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Local couple aims to get fathers more involved in their kids lives
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Dr. Gregory Farngalo talks Thursday about the importance of education. Farngalo has accumulated five different degrees and believes education helps teach the younger generation the value in working to achieve a goal. - photo by Erin O. Smith

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National Kids County
U.S. Census Bureau

Today, some 64 percent of African-American children live in single-family homes in Georgia.

The same is true of just 24 percent of white children and 39 percent of Hispanic children, according to the U.S. Census Bureau and National Kids Count.

Dr. Gregory Farngalo and his wife Deborah Farngalo want to see fathers more involved, an issue that has gotten attention nationally thanks in part to President Barack Obama speaking about it.

The Farngalos are founders of Restoration Breakthrough Ministries in Gainesville, an organization Deborah Farngalo founded 15 years ago to help local residents create a better future for themselves.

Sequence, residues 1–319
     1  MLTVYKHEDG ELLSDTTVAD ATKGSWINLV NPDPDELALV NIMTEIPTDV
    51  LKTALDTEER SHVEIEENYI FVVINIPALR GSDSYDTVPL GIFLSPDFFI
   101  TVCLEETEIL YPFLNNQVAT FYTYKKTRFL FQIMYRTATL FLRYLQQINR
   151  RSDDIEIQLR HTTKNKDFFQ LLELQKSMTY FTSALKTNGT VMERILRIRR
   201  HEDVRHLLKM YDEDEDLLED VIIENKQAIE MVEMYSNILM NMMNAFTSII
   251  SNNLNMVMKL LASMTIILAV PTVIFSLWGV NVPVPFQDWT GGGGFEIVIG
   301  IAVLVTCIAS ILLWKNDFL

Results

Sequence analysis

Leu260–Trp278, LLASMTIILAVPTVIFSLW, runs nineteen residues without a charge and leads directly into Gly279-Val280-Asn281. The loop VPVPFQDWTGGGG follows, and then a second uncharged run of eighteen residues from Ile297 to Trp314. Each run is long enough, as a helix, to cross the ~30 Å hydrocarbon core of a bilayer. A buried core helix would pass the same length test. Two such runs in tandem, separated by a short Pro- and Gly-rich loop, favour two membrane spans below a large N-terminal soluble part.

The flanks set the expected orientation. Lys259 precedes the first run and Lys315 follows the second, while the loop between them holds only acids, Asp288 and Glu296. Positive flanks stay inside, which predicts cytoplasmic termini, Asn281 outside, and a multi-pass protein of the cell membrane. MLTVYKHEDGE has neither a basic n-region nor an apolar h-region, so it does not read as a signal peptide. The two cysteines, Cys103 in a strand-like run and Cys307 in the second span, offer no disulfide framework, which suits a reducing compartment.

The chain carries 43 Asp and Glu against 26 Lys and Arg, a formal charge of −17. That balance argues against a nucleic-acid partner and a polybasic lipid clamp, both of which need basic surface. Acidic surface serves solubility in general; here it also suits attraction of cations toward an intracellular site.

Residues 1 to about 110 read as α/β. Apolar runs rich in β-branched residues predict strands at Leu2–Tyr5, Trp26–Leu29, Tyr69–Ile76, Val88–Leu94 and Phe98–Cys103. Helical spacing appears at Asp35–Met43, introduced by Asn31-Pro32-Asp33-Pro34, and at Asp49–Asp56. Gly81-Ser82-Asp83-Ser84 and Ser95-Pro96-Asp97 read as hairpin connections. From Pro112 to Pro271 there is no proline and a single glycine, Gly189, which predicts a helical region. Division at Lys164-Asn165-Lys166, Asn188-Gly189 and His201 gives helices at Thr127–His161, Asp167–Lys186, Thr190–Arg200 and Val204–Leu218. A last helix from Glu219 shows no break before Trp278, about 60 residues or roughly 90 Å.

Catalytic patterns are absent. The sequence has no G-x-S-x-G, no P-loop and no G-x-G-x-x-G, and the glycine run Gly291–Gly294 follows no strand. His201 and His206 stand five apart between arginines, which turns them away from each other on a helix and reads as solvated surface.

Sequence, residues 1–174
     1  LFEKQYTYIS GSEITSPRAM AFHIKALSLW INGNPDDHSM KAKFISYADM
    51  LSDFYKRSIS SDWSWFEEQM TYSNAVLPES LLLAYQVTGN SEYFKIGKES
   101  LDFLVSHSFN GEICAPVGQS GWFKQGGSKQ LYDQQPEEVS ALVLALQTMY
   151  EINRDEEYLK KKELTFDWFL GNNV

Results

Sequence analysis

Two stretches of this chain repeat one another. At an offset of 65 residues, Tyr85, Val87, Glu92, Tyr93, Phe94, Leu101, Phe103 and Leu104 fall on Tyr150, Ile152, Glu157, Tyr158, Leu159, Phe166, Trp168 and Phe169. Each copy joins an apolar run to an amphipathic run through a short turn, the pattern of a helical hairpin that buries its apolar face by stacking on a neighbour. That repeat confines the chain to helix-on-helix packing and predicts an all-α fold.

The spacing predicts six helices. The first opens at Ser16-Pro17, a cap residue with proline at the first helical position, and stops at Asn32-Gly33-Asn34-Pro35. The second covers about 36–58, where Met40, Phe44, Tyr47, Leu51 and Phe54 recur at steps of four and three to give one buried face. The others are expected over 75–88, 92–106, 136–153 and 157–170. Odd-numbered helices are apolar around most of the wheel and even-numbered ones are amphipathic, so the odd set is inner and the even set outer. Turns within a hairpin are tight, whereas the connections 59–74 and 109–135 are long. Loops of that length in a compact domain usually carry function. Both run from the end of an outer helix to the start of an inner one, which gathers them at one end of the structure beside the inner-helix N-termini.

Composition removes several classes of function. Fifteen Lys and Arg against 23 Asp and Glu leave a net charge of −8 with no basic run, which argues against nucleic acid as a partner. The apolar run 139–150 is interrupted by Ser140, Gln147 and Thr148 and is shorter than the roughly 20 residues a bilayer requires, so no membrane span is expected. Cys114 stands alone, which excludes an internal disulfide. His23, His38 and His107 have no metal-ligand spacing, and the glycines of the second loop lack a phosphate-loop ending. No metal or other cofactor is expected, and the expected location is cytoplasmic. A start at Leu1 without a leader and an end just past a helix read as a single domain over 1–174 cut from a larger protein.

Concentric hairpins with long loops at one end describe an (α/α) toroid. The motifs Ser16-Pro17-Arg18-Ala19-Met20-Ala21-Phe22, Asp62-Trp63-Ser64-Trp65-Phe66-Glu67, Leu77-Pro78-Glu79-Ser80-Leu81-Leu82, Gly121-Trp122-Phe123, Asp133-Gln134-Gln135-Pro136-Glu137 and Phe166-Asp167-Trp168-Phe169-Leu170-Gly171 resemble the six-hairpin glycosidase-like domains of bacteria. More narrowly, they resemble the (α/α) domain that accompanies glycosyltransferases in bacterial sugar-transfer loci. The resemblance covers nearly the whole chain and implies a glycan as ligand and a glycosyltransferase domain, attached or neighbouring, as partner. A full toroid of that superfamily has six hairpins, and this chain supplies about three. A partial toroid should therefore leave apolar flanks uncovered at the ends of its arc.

“We really focus on reaching out and helping people better themselves more than just trying to teach them about the Bible,” Deborah Farngalo said. “We use the Bible as a guideline to help them better serve here at home on earth.”

Gregory Farngalo, who was born in Liberia and later paid his way to the U.S. for college, has taught special education in Georgia schools for more than two decades. He said he regularly sees children suffering in school because of problems at home.

“What saddens me is that when the wife loses everything, I see too many crimes,” he said. “Studies have shown that because of a lack of male presence, children suffer from symptoms of abandonment and rejection.”